Iron is an essential micromineral. This means the body needs in small amounts, but excessive amounts can be problematic.
- What Does Iron Do for the Body?
- Heme Iron vs Non-Heme Iron
- Iron-Rich Foods
- Iron-Rich Recipes
- Factors That Increase Iron Absorption
- Factors That Decrease Iron Absorption
- Factors Increasing Iron Demand
- Can You Get Too Much Iron?
- Symptoms of Iron Overload
- What Foods to Avoid if You Have Hemochromatosis
- What Foods to Eat if You Have Hemochromatosis
- Iron:Zinc Ratio
- How Much Iron Do You Require Per Day?
- Availability of Iron in the Food System
- Optimal Iron Intake
- Nutrient Profile of Foods High in Iron
- How Can I Calculate My Iron Intake?
What Does Iron Do for the Body?
Although we don’t need much iron, it has several key roles in the body.
Iron is an essential component of haemoglobin or the substance in red blood cells that carries oxygen from your lungs to the rest of your body. Haemoglobin makes up about two-thirds of your body’s iron stores.
If you don’t have enough iron, your body can’t make enough oxygen-carrying red blood cells. This means your tissues and muscles won’t get enough oxygen to function optimally.
Along with iodine, iron is required to make thyroid-stimulating hormone (TSH). Inadequate iron can cause hypothyroidism.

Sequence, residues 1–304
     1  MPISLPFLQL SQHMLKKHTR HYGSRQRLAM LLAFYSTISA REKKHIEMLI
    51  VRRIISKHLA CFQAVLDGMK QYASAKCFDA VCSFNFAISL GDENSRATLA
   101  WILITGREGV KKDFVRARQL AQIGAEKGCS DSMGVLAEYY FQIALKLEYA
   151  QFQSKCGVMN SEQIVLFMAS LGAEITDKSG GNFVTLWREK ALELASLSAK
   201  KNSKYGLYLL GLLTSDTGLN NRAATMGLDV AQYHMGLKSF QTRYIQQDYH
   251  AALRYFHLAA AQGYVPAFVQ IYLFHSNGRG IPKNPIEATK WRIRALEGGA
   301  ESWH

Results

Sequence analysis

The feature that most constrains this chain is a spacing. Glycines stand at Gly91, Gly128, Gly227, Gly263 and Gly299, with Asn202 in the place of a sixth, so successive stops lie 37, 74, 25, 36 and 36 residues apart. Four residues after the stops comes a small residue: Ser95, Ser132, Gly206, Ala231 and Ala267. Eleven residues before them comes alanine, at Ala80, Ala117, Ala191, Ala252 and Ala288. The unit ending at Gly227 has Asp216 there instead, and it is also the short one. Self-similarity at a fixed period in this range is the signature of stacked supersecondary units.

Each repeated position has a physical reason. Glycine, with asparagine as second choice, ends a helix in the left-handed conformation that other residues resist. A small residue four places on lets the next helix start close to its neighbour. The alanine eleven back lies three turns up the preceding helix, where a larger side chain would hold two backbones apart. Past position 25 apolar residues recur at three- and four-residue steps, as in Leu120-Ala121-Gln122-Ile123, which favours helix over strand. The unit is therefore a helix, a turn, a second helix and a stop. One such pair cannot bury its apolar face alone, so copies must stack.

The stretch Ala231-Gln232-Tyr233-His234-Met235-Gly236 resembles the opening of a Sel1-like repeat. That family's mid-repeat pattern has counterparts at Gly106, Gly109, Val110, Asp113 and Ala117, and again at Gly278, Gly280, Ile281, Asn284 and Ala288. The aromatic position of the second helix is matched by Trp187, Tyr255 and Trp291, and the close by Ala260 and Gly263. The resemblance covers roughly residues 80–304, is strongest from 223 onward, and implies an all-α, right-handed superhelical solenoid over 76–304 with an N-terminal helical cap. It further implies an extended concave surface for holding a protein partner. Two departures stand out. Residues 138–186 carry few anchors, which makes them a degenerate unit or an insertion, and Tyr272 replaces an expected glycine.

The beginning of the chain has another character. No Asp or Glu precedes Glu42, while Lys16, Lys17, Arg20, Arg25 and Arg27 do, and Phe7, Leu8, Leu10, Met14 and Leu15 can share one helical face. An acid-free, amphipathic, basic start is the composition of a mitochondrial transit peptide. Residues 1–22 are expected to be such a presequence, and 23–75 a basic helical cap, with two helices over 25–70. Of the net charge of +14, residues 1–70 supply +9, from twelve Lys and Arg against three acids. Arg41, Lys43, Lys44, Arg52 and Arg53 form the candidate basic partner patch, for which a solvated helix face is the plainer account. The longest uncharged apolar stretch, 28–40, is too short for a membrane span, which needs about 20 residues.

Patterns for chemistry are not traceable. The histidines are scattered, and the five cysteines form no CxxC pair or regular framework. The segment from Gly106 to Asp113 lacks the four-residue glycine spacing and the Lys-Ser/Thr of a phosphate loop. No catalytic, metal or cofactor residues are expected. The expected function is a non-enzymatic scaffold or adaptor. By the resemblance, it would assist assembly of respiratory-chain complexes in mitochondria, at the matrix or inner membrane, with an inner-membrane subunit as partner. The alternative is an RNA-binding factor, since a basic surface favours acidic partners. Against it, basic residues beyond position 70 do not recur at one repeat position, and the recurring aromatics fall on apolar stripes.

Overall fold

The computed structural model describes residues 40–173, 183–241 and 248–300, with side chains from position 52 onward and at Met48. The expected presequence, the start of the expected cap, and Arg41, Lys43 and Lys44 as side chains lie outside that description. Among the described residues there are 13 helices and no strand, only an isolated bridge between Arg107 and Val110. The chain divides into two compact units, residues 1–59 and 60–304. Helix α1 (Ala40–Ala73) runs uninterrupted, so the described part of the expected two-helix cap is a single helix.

Iron is critical to making up many proteins (e.g. haemoglobin, myoglobin, neuroglobin) and enzymes (e.g., cytochromes, peroxidases) in the body that regulate various functions.
We require iron for the synthesis and repair of DNA.
To an extent, iron is considered an antioxidant that protects against damaging substances like heavy metals. However, when you have excess iron, it can become an oxidant or a damaging substance in and of itself.
Iron helps regulate cognition and behaviour and has been shown to play a role in attention and concentration.
Iron is also critical to maintaining strong bones, detoxifying, regulating immune function, skin and nail formation, and synthesising neurotransmitters in your brain.
Heme Iron vs Non-Heme Iron
There are two forms of iron found in foods:
- non-heme iron, which is found in plant and animal foods, and
- heme iron which is found exclusively in animal foods.
Animal foods containing heme iron have a higher bioavailability and are absorbed more readily, as it does not require cofactors that enhance uptake. Approximately 15-35% of heme iron sources are absorbed.
On the other hand, non-heme iron is less bioavailable and requires different nutrients to assure absorption. As a result, only around 2% of non-heme iron is absorbed. Hence, you may be at risk of anemia if you are a strict vegan.
However, while some people like to make a big deal of the bioavailability of iron in plants vs animal products, super high iron absorption is not necessarily a good thing either.
If you consume an omnivorous diet, you are unlikely to have significant issues with low iron levels unless you have digestive problems, consume a lot of grains, or consume minimal amounts of vitamin C. All of these factors will affect absorption.
Some popular foods that contain higher iron per calorie are listed below.
- chicken liver
- lamb liver
- beef liver
- animal heart
- whole egg
- ground beef
In terms of animal foods, the iron content is generally higher in redder meats, which contain haemoglobin which give the red colour.